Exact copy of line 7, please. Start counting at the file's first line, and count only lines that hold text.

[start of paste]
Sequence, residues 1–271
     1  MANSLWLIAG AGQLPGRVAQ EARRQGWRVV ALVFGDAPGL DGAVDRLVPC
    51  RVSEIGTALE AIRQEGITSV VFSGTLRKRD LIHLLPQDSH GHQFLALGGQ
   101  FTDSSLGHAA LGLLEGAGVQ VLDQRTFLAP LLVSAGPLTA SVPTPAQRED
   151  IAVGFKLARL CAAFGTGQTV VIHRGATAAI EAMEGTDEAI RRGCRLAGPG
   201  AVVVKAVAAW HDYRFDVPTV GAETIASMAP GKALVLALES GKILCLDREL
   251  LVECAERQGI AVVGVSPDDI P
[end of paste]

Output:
   251  LVECAERQGI AVVGVSPDDI P